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vikkijardhu
18th May 2009, 09:03 PM
Hi I have just purchased an E-420 and am just finding my way around it.. want to know which is the best uv filter to use on 17-5-45 mm lens. *please Ta

Archphoto
19th May 2009, 12:59 AM
Some will say "none" (like me).
None of my lenses have an UV filter attached to them.
All you do is putting 2 glass surfaces in front of your front lens, for what ? Protection against damaging the front lens ?

It introduces more flare at times and unless you go to Nepal or other high mountaneous region you will not need UV protection.
I never needed it in the tropic's.

But if you want, get the best: B&W MRC filters.
I got a CPL from them that I occasionaly use.

Just think before you buy !

Peter

Melaka
19th May 2009, 06:16 AM
It's hardly worth putting a filter on that particular lens. Save the money and put it towards one of the better short zooms (14-42, 14-54 or 12-60) or a 40-150.

mike_j
19th May 2009, 07:56 AM
A lens hood improves the picture more by reducing flare and gives better mechanical protection against bumps.

theMusicMan
19th May 2009, 08:10 AM
A lens hood improves the picture more by reducing flare and gives better mechanical protection against bumps.
Wholeheartedly agree there Mike. I often wonder why it is that I see many photographers not using a lens hood on their gear. Though I agree that replacing a UV filter can often be far cheaper than having a new front element replaced, using the lens hood significantly reduces the likelihood of damaging the front element.

I do tend to use my hoods all the time, and I don't have UV or skylight filters on all of my lenses.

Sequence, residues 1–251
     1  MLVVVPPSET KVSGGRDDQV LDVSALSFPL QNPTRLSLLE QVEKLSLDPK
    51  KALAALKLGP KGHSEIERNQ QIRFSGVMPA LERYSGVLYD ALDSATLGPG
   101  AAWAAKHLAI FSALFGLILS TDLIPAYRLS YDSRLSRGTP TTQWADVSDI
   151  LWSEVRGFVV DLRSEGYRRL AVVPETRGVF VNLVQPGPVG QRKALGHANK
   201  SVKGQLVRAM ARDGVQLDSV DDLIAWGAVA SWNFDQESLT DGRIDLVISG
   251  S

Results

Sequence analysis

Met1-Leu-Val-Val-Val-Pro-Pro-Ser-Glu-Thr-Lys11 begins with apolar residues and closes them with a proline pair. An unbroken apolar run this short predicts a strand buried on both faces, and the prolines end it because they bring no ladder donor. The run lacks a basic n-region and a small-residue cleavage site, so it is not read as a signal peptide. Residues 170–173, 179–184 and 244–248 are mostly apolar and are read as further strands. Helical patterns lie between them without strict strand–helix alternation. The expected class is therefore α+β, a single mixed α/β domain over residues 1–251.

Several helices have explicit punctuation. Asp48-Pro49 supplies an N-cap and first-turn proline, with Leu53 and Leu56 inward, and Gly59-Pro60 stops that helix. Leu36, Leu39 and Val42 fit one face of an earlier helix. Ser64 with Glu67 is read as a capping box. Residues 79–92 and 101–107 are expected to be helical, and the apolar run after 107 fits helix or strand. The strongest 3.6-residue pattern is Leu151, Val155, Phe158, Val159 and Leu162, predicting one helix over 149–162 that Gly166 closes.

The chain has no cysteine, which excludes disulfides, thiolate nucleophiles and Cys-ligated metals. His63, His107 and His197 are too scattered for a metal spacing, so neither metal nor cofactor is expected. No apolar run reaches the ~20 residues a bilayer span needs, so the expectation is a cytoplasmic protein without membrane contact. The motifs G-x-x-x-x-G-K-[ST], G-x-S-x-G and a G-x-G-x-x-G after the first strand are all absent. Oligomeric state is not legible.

vikkijardhu
19th May 2009, 11:13 AM
Thanks all for your interesting replies..... I think the hood is a goer......
vikki

theMusicMan
19th May 2009, 01:17 PM
Thanks all for your interesting replies..... I think the hood is a goer......
vikki
*chr Definitely the way to go. I'd really try to get used to using a lens hood on all your lenses if you can Vikki.

Remember, you can always turn it around and pop it back on to store it.

vikkijardhu
19th May 2009, 01:51 PM
Many thanks for that John.....

buddha01
10th February 2012, 12:42 AM
Well I've on all of my lenses an UV-filter. Mainly for protection. Although I always use my hoods. But then again, I "work" mainly outdoors, in a harsh environment. I'm namely an aircraft spotter and thus standing a lot at airports/Air Bases.;):D
This means often a lot of blown up dirt, etc. Especially at those places where planes turn on taxi ways and near the runways.:p
So, for me it's easier to clean my UV-filter and protect my glass and if necessarily replace the filter, then replace the whole lens. Which is much more expensive then replacing an UV-filter. Even when using a lens hood.:eek::p;)
Greetz,

David M
10th February 2012, 12:50 AM
Well I've on all of my lenses an UV-filter. Mainly for protection. Although I always use my hoods. But then again, I "work" mainly outdoors, in a harsh environment. I'm namely an aircraft spotter and thus standing a lot at airports/Air Bases.;):D
This means often a lot of blown up dirt, etc. Especially at those places where planes turn on taxi ways and near the runways.:p
So, for me it's easier to clean my UV-filter and protect my glass and if necessarily replace the filter, then replace the whole lens. Which is much more expensive then replacing an UV-filter. Even when using a lens hood.:eek::p;)
Greetz,

Actually it's better to use 2 filters, then if one gets damaged you can take it off and you've still got one filter.

Three's even better.

buddha01
10th February 2012, 01:30 AM
Actually it's better to use 2 filters, then if one gets damaged you can take it off and you've still got one filter.

Three's even better.

Since most of my lenses are Olympus lenses and all have a diameter of 58mm, I just swap the filter from one of the other lenses that i don't use that much.;):p:D
Also have a spare in my bag for just in case and if need be just buy a new one. But till date it wasn't necessary to either swap or replace my filters (jet). Only the cleaning after a day of spotting planes.;)

Greetz,

Ouch!
3rd August 2012, 07:21 PM
I must admit I've always just shoved a skylight or UV filter on my lenses to protect from scratches etc.

This was something I did with all my old OM lenses and I've just carried on doing it. I've never really bothered using lens hoods.

The logic was; Why scratch a 300-400 lens, when when you can scratch a 1.20 filter?

I even knew an old photographer, who secured his UV filters with a single drop of superglue on the threads. (Although I think that's a bit excessive!)

Ouch!